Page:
GMOs and CRISPR: Re-engineering crops

A topic Lee covered in her Amazon-best-selling book, Lee believes that with the right implementation and regulatory oversight, gene-editing tools can help create highly resilient and nutritionally enhanced crops to mitigate the impending effects of severe climate change in the region.

With such modern gene-editing techniques available, Lee asks the audience to think about how we can use them to enhance agriculture production safely and transparently so that it doesn’t compromise trust among consumers and governments.

Novel food products: Re-engineering food

Many companies and startups are using food science and biotechnology to create innovative food products and ingredients that better cater to consumers’ appetites for healthier and sustainable food products.

Opportunities to explore in this area of innovation include creating products that leverage underutilised crops and highly functional ingredients that are still unexplored and using biotechnology and food science to make more nutrient-dense and healthy products.

Other areas of innovation Lee elaborated on include:

  • Alternative protein, such as plant-based, cell-based and fermentation-based sources of protein.
  • Food waste technology and solutions to help reduce and better manage food waste and loss.
  • Agribusiness marketplaces connect buyers and sellers of agriculture inputs and outputs to facilitate smoother transactions and cut out the middleman in the agriculture supply chain and reduce the inefficiency involved in these systems by shortening the food supply chain and making food more traceable.

“We as a human race are facing unprecedented challenges in food production, and Covid-19 has only magnified them. While we live in a world of significant challenges, we also live in one where the pace of scientific and technological advances are unparalleled, and the opportunities are endless. However, to spearhead this change, we need to involve everyone, from farmers, distributors and restauranteurs to scientists, investors and consumers. The future of food, most of all, requires collaboration and understanding,” Lee concluded.

Photo by Gareth Hubbard on Unsplash

LIFES Challenge

JISSI is an initiative launched by NUS Enterprise in partnership with Base of Pyramid Hub (BoP Hub), a Singapore-based business accelerator platform with a mission to create an efficient marketplace for communities at the base of the pyramid by supporting entrepreneurship and connecting partners.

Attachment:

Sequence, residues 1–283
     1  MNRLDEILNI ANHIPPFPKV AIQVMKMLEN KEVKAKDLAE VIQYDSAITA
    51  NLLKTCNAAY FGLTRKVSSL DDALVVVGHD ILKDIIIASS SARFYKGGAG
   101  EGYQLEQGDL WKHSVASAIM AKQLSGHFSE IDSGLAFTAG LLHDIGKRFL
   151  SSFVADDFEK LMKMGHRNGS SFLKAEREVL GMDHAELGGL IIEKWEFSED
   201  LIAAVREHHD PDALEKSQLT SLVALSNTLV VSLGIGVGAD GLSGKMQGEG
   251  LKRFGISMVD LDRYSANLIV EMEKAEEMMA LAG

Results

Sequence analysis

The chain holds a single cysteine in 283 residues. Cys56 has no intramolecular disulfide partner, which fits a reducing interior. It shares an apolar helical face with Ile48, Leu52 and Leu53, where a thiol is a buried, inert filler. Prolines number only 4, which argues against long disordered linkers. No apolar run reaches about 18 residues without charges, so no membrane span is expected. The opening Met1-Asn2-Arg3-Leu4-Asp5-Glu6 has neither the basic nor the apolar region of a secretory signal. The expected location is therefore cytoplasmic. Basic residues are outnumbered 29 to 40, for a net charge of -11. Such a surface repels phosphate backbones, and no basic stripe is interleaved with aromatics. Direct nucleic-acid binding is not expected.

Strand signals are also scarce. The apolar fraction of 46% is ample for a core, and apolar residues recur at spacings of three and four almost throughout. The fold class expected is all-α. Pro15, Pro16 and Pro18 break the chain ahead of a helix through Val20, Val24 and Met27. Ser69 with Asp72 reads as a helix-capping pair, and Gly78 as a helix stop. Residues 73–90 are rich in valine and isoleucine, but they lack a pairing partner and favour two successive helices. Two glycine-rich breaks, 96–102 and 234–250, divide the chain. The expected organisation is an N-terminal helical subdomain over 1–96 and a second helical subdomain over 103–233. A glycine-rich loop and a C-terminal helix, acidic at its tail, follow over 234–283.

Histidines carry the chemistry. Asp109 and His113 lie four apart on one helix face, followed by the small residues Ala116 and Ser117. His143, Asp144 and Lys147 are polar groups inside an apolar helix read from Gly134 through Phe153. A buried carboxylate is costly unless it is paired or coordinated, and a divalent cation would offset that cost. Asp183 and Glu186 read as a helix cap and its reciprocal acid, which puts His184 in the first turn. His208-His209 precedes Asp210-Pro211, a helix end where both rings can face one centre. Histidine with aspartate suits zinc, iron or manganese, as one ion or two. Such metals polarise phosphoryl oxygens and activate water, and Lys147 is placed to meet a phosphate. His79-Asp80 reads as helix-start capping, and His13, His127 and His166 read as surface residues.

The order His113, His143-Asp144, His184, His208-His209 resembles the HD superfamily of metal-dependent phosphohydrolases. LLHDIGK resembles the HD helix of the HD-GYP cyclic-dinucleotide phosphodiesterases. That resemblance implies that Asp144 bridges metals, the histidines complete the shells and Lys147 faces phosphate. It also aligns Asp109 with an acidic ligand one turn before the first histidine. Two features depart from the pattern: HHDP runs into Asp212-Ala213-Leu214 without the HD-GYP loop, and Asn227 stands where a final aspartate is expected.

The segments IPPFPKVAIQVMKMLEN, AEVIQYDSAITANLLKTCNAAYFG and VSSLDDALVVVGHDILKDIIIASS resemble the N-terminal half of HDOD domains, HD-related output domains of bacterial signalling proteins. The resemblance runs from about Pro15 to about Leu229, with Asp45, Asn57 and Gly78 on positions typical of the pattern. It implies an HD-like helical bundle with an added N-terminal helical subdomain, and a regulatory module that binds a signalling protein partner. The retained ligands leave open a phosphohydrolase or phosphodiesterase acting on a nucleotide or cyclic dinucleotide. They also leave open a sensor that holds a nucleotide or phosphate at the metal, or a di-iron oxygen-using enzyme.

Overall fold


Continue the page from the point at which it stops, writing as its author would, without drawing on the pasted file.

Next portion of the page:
The collaboration between NUS Enterprise and BoP Hub provides:

  • Mentorship, incubation support and resources to scale and grow social projects and startups initiated or formed by members of the NUS community.
  • Multidisciplinary programmes to help those from the NUS community take their first steps towards creating impact-driven enterprises.
  • Support for corporates with social impact objectives and Environmental, Social, and Governance (ESG) goals.

The LIFES programme seeks to encourage and unlock the entrepreneurial spirit among Singaporeans and drive the potential to lead the change towards new and sustainable business models.

Tony Tan, Executive Director of BoP Hub says this will be done by running several programmes in the next few months. Four areas of focus include production, waste, security and culture.

Tony encourages budding entrepreneurs to send in their proposals to be considered by June. Shortlisted candidates will be invited to a Demo Day to pitch their ideas to a panel of venture capitalists, impact investors, and other key stakeholders to win prizes, funding and grants.

Click to watch the entire ‘Hungry for Disruption: Opportunities for a Better Food Future’ webinar to find out more.


Featured image by ThisisEngineering RAEng on Unsplash.

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Gina Sin

Author Gina Sin

A sales & marketing professional at her core, Gina has found her passion in writing, particularly in crafting an important part of the communication circle, and enhancing experiences, whether singular or shared. An expert in digital media, partnership activation, and in executing the readability and searchability of websites, Gina combines her skills in sales, marketing and copywriting into her everyday.